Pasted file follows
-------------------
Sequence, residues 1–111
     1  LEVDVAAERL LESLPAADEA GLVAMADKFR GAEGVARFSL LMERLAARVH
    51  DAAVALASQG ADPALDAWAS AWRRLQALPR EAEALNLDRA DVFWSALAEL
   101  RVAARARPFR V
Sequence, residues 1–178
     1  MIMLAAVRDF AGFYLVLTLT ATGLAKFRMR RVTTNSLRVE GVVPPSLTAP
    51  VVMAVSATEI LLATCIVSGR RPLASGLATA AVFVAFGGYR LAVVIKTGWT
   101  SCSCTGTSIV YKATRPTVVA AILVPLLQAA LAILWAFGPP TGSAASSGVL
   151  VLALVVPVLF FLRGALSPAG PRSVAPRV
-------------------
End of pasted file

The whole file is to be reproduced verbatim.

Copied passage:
Sequence, residues 1–111
     1  LEVDVAAERL LESLPAADEA GLVAMADKFR GAEGVARFSL LMERLAARVH
    51  DAAVALASQG ADPALDAWAS AWRRLQALPR EAEALNLDRA DVFWSALAEL
   101  RVAARARPFR V
Sequence, residues 1–178
     1  MIMLAAVRDF AGFYLVLTLT ATGLAKFRMR RVTTNSLRVE GVVPPSLTAP
    51  VVMAVSATEI LLATCIVSGR RPLASGLATA AVFVAFGGYR LAVVIKTGWT
   101  SCSCTGTSIV YKATRPTVVA AILVPLLQAA LAILWAFGPP TGSAASSGVL
   151  VLALVVPVLF FLRGALSPAG PRSVAPRV